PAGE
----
Grab your binoculars, download a birding app or use online ID resources and print (or design your own) bird journal. Then, watch this video where Ayla & Kim will walk you through some birding basics and give you the chance to practice your birding skills. After you’ve watched the video, test your knowledge by taking the “Who Am I Challenge” and use the Birding Basics lesson plan to further enhance your birding skills!
Studying birds can be a surprisingly exciting hobby, especially in the spring when birds are at their busiest: migrating after a long winter, looking for nest sites, finding mates, and raising young.
Gather your bird watching resources:
• Apps and Websites: Find our recommendations in the Bird Apps resource sheet
• Binoculars: Use our How To Guide to refresh your skills
• Journal: Drawing and writing about what you see will help you record behaviours and patterns to confirm identification. It’s also a key tool to going for a ‘Big Year’. ‘Big Year’ is a birding term which means a personal record of the most birds spotted in a single year (in one region). Why not make this your year?
Introduction to Bird Identification:
1. Head to a quiet, comfortable spot where birds tend to be (near trees, bushes, water, etc).
2. Listen! Often we hear birds before we see them. Try to guess which bird you’re hearing. Is it near or far? Have you heard that bird before? You could even record the bird call/song and identify it later on.
3. Use your journal to draw and take notes. Recording the following information will help you to identify the birds you are seeing:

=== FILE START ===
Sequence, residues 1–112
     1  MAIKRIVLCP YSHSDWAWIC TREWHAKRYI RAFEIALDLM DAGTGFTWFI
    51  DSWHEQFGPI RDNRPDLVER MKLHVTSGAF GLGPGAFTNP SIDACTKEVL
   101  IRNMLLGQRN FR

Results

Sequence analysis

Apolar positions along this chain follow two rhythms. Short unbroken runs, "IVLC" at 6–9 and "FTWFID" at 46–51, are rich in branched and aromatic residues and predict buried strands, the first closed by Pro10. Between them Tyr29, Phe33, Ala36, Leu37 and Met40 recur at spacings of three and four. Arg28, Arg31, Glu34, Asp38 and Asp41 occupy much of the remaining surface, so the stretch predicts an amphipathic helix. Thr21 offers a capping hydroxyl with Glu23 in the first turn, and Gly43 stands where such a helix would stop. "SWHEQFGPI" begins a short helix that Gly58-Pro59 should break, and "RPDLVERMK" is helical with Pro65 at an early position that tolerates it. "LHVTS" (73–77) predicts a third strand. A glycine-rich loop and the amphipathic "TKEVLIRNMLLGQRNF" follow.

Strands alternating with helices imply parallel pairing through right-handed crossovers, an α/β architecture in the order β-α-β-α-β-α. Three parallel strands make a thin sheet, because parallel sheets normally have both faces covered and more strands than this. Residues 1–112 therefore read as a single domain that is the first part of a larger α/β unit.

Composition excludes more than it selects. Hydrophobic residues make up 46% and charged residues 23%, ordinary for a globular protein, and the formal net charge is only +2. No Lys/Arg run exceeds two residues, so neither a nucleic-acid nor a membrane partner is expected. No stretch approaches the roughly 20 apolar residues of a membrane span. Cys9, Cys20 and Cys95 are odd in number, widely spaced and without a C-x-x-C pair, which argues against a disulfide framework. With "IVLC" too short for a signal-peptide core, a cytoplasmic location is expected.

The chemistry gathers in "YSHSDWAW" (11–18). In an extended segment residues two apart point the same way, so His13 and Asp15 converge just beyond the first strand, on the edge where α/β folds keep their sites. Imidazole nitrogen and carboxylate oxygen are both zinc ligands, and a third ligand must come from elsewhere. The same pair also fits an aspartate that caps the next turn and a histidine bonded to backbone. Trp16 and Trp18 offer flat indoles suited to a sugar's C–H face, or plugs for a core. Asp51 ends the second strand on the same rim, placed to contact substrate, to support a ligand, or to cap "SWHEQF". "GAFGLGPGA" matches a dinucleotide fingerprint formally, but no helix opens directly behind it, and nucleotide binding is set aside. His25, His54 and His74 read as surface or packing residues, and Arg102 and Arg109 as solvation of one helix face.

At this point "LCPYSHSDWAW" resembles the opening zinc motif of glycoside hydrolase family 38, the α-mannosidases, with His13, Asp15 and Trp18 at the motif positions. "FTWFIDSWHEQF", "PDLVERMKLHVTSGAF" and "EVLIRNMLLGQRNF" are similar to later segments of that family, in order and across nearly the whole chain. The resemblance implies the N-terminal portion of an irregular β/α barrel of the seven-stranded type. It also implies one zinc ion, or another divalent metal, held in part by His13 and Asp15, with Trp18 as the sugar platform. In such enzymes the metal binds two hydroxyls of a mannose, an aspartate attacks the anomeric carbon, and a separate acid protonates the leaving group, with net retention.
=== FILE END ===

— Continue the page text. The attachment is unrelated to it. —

• Date/location: Where and when you see a bird can help you to figure what you’re looking at.
• Size/shape: Is the bird small with a round belly? Is it tall with a long neck? Refer to the bird silhouette cheat sheet to help you figure out what species you are seeing.
• Colour: Describe the main colours (up to 3) and features of the bird. What colour is the head? How about the belly? Does it have markings around its eyes or on its back?
• Behaviour/Habitat: Record what the bird was doing and the type of habitat where you saw it. For example, was it swimming in a pond? Was it perched in a tree? Was it on your front lawn looking for worms? If you see a bird in flight, notice the way it flies. Does it flap continuously? Does it barely flap its wings? Does it use a pattern of quick flaps followed by no flaps?
4. Use your field guide, birding app or websites to confirm the identity of the birds you have seen and learn more about their behaviours and habits. Asking questions and being curious will help to set you up to be an even better birder!
After just a little bit of practice, your bird watching skills can be put to use for science too! Your data on what you saw and where gets combined with hundreds or millions of other peoples’ observations to become studyable data. Wouldn’t you like to say you had a part in the next conservation effort in your region? Find out more about citizen science opportunities.